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Memory Models and Synchronization

Monday, 24 November 2008

I have read a couple of posts on memory models over the couple of weeks: one from Jeremy Manson on What Volatile Means in Java, and one from Bartosz Milewski entitled Who ordered sequential consistency?. Both of these cover a Sequentially Consistent memory model — in Jeremy's case because sequential consistency is required by the Java Memory Model, and in Bartosz' case because he's explaining what it means to be sequentially consistent, and why we would want that.

In a sequentially consistent memory model, there is a single total order of all atomic operations which is the same across all processors in the system. You might not know what the order is in advance, and it may change from execution to execution, but there is always a total order.

This is the default for the new C++0x atomics, and required for Java's volatile, for good reason — it is considerably easier to reason about the behaviour of code that uses sequentially consistent orderings than code that uses a more relaxed ordering.

The thing is, C++0x atomics are only sequentially consistent by default — they also support more relaxed orderings.

Relaxed Atomics and Inconsistent Orderings

I briefly touched on the properties of relaxed atomic operations in my presentation on The Future of Concurrency in C++ at ACCU 2008 (see the slides). The key point is that relaxed operations are unordered. Consider this simple example with two threads:

#include <thread>
#include <cstdatomic>
std::atomic<int> x(0),y(0);

void thread1()

void thread2()
    int a=y.load(std::memory_order_relaxed);
    int b=x.load(std::memory_order_relaxed);

std::thread t1(thread1);
std::thread t2(thread2);

All the atomic operations here are using memory_order_relaxed, so there is no enforced ordering. Therefore, even though thread1 stores x before y, there is no guarantee that the writes will reach thread2 in that order: even if a==1 (implying thread2 has seen the result of the store to y), there is no guarantee that b==1, and the assert may fire.

If we add more variables and more threads, then each thread may see a different order for the writes. Some of the results can be even more surprising than that, even with two threads. The C++0x working paper features the following example:

void thread1()
    int r1=y.load(std::memory_order_relaxed);
void thread2()
    int r2=x.load(std::memory_order_relaxed);

There's no ordering between threads, so thread1 might see the store to y from thread2, and thus store the value 42 in x. The fun part comes because the load from x in thread2 can be reordered after everything else (even the store that occurs after it in the same thread) and thus load the value 42! Of course, there's no guarantee about this, so the assert may or may not fire — we just don't know.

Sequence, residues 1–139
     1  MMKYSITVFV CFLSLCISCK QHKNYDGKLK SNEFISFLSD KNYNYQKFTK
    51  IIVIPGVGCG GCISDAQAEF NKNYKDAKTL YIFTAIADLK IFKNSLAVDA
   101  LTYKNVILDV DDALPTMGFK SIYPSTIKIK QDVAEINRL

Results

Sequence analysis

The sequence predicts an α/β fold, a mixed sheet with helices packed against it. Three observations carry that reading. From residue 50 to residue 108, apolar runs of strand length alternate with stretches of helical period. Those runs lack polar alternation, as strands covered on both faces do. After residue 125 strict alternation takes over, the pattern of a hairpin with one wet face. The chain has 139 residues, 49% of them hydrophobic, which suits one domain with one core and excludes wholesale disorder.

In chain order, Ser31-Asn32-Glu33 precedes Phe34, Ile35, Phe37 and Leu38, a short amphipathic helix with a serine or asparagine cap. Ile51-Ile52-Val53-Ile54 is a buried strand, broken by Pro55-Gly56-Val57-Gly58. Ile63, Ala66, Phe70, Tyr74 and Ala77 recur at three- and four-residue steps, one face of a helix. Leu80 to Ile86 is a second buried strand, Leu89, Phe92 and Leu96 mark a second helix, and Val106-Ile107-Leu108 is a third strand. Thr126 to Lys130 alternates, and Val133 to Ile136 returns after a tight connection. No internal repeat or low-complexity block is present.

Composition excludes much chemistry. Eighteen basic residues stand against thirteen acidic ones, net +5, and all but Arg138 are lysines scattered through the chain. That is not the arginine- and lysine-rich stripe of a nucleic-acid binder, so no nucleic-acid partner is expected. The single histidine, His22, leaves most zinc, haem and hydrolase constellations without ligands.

Acquire and Release Ordering

Now you've seen quite how scary life can be with relaxed operations, it's time to look at acquire and release ordering. This provides pairwise synchronization between threads — the thread doing a load sees all the changes made before the corresponding store in another thread. Most of the time, this is actually all you need — you still get the "two cones" effect described in Jeremy's blog post.

With acquire-release ordering, independent reads of variables written independently can still give different orders in different threads, so if you do that sort of thing then you still need to think carefully. e.g.

std::atomic x(0),y(0);

void thread1()

void thread2()

void thread3()
    int a=x.load(std::memory_order_acquire);
    int b=y.load(std::memory_order_acquire);

void thread4()
    int c=x.load(std::memory_order_acquire);
    int d=y.load(std::memory_order_acquire);

Yes, thread3 and thread4 have the same code, but I separated them out to make it clear we've got two separate threads. In this example, the stores are on separate threads, so there is no ordering between them. Consequently the reader threads may see the writes in either order, and you might get a==1 and b==0 or vice versa, or both 1 or both 0. The fun part is that the two reader threads might see opposite orders, so you have a==1 and b==0, but c==0 and d==1! With sequentially consistent code, both threads must see consistent orderings, so this would be disallowed.


The details of relaxed memory models can be confusing, even for experts. If you're writing code that uses bare atomics, stick to sequential consistency until you can demonstrate that this is causing an undesirable impact on performance.

There's a lot more to the C++0x memory model and atomic operations than I can cover in a blog post — I go into much more depth in the chapter on atomics in my book.

Posted by Anthony Williams
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